Although clients often say they want their day in court, the reality is that to pursue a sexual harassment complaint to litigation is financially costly. Litigation routinely can cost hundreds of thousands of dollars and continue for years. Even if an attorney agrees to accept the case on a contingency fee basis, the costs are often very substantial, and someone, normally the accuser, has to pay the costs. Also, there is the possibility that the accuser, if she loses her case, will have to pay the opposing party’s costs. The end result may not really impact the harasser, as the employer or the insurance carrier will bear the brunt of an award of the accuser prevails in her case. In some cases the accuser has been sued by the accused for damages, and having to defend such a lawsuit can also be costly, and may result in an award of damages.
Additionally, the components of a sexual harassment complaint are often more emotionally devastating than allegations of other types of discrimination. If the case proceeds to litigation the accuser must expose her life and personal history to examination, which is embarrassing and may result in victim shaming.
Some of the lawyer’s critics pointed out that government agencies, such as the Equal Employment Opportunity Commission (“EEOC”), exist for the purpose of filing, investigating, and remedying sexual harassment complaints via sanctions and the imposition of huge monetary damages. That is not the reality of how these agencies handle these complaints. The EEOC prefers big impact cases. If one examines their settlement history, their settlement numbers for individual cases are not impressive.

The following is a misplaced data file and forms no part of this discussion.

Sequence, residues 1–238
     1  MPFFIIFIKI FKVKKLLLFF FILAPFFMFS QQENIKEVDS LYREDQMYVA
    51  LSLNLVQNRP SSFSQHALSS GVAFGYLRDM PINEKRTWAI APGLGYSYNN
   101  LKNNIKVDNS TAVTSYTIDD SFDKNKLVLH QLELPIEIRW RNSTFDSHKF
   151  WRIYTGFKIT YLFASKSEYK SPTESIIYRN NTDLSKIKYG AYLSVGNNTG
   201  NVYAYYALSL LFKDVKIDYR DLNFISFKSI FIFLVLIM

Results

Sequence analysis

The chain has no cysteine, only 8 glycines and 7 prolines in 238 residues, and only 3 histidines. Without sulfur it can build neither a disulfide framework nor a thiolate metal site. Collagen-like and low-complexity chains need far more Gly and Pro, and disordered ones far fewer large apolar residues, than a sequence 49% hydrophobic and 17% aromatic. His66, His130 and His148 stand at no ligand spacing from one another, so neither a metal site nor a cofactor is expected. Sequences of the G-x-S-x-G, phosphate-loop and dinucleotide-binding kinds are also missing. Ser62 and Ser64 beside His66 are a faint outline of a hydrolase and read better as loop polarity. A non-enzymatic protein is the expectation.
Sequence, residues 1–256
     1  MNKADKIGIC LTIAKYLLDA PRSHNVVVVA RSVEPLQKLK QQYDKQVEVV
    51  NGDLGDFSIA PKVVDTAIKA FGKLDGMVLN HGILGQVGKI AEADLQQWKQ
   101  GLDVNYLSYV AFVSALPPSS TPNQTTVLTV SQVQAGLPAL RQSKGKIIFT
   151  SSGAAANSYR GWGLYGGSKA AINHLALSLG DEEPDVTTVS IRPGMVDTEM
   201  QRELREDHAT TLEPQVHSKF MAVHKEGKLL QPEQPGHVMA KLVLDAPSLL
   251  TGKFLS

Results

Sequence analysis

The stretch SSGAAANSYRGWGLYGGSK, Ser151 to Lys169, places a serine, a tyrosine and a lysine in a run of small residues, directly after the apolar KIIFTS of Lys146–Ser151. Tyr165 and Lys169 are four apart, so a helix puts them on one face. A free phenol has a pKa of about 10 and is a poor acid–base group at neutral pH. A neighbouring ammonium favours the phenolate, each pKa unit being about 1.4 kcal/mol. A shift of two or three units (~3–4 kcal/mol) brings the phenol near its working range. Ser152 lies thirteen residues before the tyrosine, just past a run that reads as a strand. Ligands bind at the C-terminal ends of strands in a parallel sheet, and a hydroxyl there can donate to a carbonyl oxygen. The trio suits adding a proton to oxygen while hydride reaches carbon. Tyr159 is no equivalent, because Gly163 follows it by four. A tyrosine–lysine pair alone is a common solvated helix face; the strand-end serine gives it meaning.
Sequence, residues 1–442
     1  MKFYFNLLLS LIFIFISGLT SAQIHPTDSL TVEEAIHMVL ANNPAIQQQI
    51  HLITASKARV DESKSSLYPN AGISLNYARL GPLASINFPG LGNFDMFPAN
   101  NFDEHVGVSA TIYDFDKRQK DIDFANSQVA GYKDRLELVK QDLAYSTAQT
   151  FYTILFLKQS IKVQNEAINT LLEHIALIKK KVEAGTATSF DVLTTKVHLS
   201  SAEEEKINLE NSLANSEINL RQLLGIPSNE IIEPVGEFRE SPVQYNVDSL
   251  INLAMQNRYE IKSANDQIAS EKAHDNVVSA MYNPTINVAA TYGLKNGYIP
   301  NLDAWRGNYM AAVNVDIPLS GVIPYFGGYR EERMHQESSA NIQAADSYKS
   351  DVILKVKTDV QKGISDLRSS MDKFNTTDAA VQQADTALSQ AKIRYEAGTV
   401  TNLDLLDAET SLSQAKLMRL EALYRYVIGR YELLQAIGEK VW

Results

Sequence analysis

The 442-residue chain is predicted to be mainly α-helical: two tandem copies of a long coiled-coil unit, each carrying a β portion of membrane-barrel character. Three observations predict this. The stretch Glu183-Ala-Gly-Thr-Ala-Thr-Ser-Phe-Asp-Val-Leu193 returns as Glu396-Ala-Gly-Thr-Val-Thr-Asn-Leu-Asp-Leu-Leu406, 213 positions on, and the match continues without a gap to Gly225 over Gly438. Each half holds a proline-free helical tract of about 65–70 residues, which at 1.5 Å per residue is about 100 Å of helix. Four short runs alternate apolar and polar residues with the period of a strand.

Agencies are often understaffed and underfunded, and investigations, if they are conducted, are not conducted by attorneys, but by folks that generally interpret the law in a straightforward manner, without creative or nuanced interpretations that private lawyers develop. Most of these investigations are inconclusive or do not support the accuser if the employer provides some form of pushback.
So while a lawyer’s advice may seem abhorrent – that one should cope with sexual harassment, find other women to support you, hang in there, try and leave your department, try to outlast the accuser, or quit – this is generally an unfortunate reality and one of the dirty secrets of sexual harassment.
Faye Riva Cohen, Esquire, president of the Law Office of Faye Riva Cohen, P.C., focuses her practice on labor, employment, and civil rights law. You can learn more about her firm here: www.fayerivacohen.com.